A listing of transcripts of the dialogue and narrative of this section.
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Transcripts for Section 2 of Episode 6
|01:41||May 1993, a year before the democratic elections in South Africa in Kimberley in the Northern Cape was the scene for an event that seems strangely out of step with the rest of the country. An ANC protest march, a hand grenade explosion, one dead, more than 40 people injured. The grenade was aimed at the Bophuthatswana consulate in Kimberley but it somehow detonated among the crowd. // Sipho Mbaqa and Nkosinathi Nkohla, leading ANC members, were both sentenced to 12 years for the attack. But this week former MK man, Walter Smiles stood before the Truth Commission and confessed that he threw the grenade. ||Full Transcript|
|02:20||I would like the people who are in prison to be released because it is not their offence. They weren’t responsible. When we got there, the petitions were handed over, the first petition, the second petition, and the third petition. When it was time to hand over the third petition then there was a sign that I must throw this grenade. And he laid down at the same time. So, when I threw it, I was weak, I had no experience of this type of thing. And then I threw the grenade and then I felt very sad for the harm that I caused. And I heard that somebody had died and I felt very bad. My heart was very, very sore. ||Full Transcript and References|
|03:16||For Elisabeth Makone, mother of the young COSAS member Ezekiel Makone who died in the attack, his death holds no reason. // It was very, very painful, I still can’t actually believe it, still can’t believe that it happened. That morning when I left home he was still there and he was on his way to school and that was the last time I saw him. Afterwards I just heard that he was dead.||Full Transcript and References|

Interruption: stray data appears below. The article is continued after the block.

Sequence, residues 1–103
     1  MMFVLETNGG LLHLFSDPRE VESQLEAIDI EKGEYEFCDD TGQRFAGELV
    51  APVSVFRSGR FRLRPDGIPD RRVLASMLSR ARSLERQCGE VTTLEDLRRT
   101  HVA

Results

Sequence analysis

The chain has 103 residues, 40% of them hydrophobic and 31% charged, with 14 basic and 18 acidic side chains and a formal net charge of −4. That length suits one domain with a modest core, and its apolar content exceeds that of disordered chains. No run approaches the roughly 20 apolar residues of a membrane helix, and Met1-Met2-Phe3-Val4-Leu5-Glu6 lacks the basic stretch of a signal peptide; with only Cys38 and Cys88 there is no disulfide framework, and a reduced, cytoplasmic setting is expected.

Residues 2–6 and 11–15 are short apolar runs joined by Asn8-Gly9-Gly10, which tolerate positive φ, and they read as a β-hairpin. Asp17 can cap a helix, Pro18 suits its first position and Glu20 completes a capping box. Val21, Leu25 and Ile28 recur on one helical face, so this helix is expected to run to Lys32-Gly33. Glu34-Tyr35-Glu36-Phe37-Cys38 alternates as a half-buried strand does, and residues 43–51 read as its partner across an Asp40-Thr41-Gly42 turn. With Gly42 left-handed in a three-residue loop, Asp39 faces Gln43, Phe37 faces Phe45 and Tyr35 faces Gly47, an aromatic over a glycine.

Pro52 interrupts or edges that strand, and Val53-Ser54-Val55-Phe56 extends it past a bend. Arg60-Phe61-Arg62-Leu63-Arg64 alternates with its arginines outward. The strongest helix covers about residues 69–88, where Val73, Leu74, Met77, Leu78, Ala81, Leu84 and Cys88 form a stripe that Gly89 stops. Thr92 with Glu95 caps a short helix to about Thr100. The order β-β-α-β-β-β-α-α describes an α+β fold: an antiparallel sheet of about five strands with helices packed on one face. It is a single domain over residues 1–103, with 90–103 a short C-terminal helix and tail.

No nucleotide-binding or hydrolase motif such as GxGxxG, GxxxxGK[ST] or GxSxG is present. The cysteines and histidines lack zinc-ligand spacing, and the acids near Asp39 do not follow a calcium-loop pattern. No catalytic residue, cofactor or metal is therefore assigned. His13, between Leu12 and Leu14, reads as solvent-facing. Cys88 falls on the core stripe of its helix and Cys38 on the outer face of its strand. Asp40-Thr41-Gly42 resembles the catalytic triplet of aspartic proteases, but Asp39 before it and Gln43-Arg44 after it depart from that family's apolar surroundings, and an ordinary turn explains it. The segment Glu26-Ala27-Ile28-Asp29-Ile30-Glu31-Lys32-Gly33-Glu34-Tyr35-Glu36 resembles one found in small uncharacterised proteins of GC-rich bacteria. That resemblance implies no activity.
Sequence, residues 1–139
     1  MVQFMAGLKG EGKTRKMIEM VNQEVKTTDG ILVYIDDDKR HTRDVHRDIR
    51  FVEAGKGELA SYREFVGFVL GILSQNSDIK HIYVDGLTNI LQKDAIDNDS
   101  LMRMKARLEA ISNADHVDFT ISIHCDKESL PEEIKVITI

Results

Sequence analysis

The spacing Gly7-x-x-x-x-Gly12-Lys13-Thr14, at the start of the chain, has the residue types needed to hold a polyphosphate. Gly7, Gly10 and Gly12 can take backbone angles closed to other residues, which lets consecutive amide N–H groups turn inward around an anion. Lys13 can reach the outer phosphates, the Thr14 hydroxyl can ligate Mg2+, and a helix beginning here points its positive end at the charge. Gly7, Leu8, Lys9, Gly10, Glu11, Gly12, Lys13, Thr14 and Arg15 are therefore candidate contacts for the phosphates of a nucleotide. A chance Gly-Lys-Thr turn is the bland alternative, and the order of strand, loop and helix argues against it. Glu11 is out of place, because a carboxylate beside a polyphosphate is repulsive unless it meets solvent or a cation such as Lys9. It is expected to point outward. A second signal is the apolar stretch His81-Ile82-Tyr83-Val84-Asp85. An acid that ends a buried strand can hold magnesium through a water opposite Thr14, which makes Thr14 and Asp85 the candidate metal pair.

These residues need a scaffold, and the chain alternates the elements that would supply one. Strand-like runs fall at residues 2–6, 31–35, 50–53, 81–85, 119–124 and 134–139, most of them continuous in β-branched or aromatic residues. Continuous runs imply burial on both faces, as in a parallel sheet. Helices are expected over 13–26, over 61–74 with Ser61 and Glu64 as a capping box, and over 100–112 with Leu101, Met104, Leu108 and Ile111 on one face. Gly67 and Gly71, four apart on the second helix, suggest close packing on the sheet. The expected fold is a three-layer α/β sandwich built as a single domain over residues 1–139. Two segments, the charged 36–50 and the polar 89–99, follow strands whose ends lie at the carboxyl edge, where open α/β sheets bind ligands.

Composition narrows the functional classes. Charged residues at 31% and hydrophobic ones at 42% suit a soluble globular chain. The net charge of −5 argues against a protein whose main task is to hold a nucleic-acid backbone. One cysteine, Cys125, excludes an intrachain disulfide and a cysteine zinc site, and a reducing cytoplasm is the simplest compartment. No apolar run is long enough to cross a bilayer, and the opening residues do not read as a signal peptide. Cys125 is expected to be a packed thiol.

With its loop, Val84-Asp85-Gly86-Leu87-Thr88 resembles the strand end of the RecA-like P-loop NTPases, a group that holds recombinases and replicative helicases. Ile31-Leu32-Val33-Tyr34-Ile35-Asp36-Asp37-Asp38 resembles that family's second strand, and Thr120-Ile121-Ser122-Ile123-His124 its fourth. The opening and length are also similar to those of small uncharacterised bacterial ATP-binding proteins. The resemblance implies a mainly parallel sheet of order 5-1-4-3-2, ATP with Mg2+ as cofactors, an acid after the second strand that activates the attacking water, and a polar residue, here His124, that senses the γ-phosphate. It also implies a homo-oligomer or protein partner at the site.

|03:43||Walter Smiles’ unexpected confession created more questions than answers. The two men in jail for the attack believe they were wrongfully convicted. // I formulated a story so that I can be saved from the oppression. Van der … came after I’ve agreed to their story and then they said they were going to take photos at Trust Bank, George street, where this all took place. They alleged that we got training so we had to agree that we got training from that area. They also wanted to know who were responsible for all, some of the things they talked about … and I didn’t know about what they were talking about. But I did agree and admitted that I knew everything that they were talking about. After we did this point outs they asked me, Erasmus and Rossouw asked me if I was prepared to be a state witness. I said no. They then decided to charge me. ||Full Transcript and References|
|05:01||So when I realised this people, this police were becoming so serious about this matter of Nkosinati. I then decided to tell them the truth. I told them the truth. I told them what the whole situation was. And that situation they have it in their files. If they produced the files, they will find it. I told them exactly what happened. It seems to me they didn’t believe me. At that stage I realised that this people they were just … they wanted me to confirm their story, which was not true. And the story that is the truth that I tell them, they don’t believe it. We’re then put on trial, they obviously cooked evidence. We then battled with that evidence. But they seemingly had enough resources to bring in all sorts of false witnesses to the extent that they brought in even our own comrade.||Full Transcript and References|
|06:24||Thembinkosi Nqcele, another young Kimberley activist turned state witness during the trial. He said that he was forced to give false evidence out of fear for his life. // They asked me do I know who is responsible for what happened. I said I don’t know anything about that. The adjutant was the leader of the interrogators. He came time and again and continued with the interrogation. They asked me if I wanted to be released. I said, obviously I do. And then he said, if I want to, then I must speak the truth. I should say that I’ve seen people who have thrown the grenade. And, through the intimidation and when they were trying to show me how they’re going to throw me out of the window I was afraid. At the end I signed because I feared for my life. They said then they are going to release me, but in the end they didn’t. Then they told me I will be going to court and I was supposed to state everything that was signed there. And then they said I must say what I have signed for ...more||Full Transcript and References|
|07:53||The Attorney-General of the Northern Province, Charl du Plessis says Walter Smiles is a liar. The Commission says the truth might be found in a court of law. // So it is possible that the evidence by Smiles and the evidence of Thembinkosi in this particular case may be of a nature that might persuade a court to rehear the matter. ||Full Transcript||